Emotional Right Space Brand Examples — Let’s take a look at an impactful brand . . . Apple. This brand understands the power of emotions and uses them to develop long-term relationships with people.

Apple has identified its Emotional Right Space . . . the core emotions the brand wants every customer to feel across all touch points. The four emotions that Apple aims to tap into are: (1) Delight; (2) Surprise; (3) Connection; and (4) Love.

Disney identified one emotion in its Emotional Right Space . . . Happiness. Whether visiting their amusement parks; watching their movies and TV shows; shopping at their stores or staying in one of their hotels, Disney wants you to feel happiness!

Nike aims to tap into the emotions of (1) Confidence and (2) Inspiration. You can feel this in all of their communications.

Tip to Identify Your Brand’s Emotional Right Space — Which emotions do you want people to feel when they visit your website, see/hear your advertising, view your videos and interact on social media?

Here’s a tip . . . don’t identify more than four. When people feel more than four emotions, they’re overwhelmed and might tune you out.

Top 20 Positive Feelings and Emotions — To help you identify your brand’s Emotional Right Space, here is a list of the top 20 positive emotions (presented in no particular order). When people feel these emotions from your brand, they’ll share your brand’s messages.

 Happiness, Interest, Delight, Hope, Gratitude, Kindness, Surprise, Connection, Confidence, Admiration, Enthusiasm, Euphoria, Satisfaction, Pride, Contentment, Inspiration, Amusement, Enjoyment, Awe and Love.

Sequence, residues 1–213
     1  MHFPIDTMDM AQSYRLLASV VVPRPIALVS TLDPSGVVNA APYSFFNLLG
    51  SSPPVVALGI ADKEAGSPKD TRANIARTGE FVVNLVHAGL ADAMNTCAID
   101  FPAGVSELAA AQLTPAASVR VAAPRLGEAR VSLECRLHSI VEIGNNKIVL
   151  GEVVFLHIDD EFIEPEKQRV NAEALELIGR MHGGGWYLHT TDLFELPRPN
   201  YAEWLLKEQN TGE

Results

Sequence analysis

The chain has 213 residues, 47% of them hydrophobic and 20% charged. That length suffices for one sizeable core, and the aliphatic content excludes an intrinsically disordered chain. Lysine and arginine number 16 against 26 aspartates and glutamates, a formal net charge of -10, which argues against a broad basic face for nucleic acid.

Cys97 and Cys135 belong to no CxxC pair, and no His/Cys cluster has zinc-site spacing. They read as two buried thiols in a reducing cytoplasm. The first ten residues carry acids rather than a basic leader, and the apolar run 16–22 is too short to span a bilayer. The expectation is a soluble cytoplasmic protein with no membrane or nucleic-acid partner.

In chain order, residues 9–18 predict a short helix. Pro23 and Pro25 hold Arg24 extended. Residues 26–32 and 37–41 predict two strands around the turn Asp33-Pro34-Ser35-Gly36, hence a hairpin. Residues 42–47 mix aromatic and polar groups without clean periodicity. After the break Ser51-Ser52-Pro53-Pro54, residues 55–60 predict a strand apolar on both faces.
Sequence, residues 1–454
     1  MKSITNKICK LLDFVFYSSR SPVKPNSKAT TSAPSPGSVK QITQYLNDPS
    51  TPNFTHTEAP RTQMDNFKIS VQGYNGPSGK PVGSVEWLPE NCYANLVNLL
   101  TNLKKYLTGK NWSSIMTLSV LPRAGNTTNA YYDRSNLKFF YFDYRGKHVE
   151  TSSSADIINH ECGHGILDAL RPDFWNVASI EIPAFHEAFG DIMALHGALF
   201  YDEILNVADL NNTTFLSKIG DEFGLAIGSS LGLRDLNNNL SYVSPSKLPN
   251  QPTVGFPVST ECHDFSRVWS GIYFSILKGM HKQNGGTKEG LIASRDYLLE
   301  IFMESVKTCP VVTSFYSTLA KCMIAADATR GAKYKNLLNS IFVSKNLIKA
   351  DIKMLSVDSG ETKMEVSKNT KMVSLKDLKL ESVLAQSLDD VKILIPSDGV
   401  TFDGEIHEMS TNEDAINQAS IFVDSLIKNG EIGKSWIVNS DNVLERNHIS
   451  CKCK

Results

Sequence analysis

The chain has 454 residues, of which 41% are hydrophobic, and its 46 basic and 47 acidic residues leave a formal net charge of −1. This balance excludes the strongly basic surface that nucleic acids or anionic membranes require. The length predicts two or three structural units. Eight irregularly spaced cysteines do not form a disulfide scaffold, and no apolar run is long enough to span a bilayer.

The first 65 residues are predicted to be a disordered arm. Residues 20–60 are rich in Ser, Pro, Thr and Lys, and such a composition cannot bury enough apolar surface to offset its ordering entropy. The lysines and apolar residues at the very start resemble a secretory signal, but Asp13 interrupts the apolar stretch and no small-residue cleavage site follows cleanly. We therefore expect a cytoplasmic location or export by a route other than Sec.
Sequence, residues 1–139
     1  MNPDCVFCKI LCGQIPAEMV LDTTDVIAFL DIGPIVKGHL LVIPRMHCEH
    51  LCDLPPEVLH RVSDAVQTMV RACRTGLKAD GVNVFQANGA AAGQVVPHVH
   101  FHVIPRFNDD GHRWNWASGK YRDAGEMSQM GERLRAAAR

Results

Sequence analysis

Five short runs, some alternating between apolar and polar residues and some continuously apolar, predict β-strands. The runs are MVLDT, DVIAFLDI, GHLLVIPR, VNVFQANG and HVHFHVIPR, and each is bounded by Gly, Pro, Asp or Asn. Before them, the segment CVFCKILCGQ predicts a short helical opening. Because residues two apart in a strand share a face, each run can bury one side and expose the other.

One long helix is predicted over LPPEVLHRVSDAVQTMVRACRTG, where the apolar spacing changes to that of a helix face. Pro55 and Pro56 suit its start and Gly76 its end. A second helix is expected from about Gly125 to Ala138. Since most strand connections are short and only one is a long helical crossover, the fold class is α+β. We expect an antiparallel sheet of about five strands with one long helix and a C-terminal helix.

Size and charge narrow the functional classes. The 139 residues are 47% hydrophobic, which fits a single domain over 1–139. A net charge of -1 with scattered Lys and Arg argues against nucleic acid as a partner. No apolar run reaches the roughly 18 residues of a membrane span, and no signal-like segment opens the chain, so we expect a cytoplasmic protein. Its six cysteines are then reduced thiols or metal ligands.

4 Questions You Must Ask Yourself — After you’ve identified your brand’s Emotional Right Space, use it as a guide. Ask yourself these 4 questions. If you answer “sometimes” or “no,” to any of these questions, it’s time to readjust your marketing communications.

  • Do our communications across all media tap into those emotions?
  • Are my salespeople and customer service representative addressing these emotions?
  • Are we sharing stories in our content that evoke these emotions?
  • Is our social media presence sharing these emotions?

How To Create Videos That Go Viral

Roller CoasterEmotions Rule — People are ruled by their emotions. That’s why your brand needs to activate emotions through its content. For this article, I’ll share what you need to know about emotions before developing video content.

There’s a connection between the way people feel after watching a video from your brand and how they feel about your brand. Want to engage and motivate people through video content? Tap into their emotions. But, be careful . . . not all emotions will result in positive feelings and the actions your brand is hoping to motivate.

Recent research indicates that videos designed to produce negative emotional responses in viewers – especially anger – leave viewers feeling manipulated. And, when this happens, you lose the opportunity to have a relationship with people.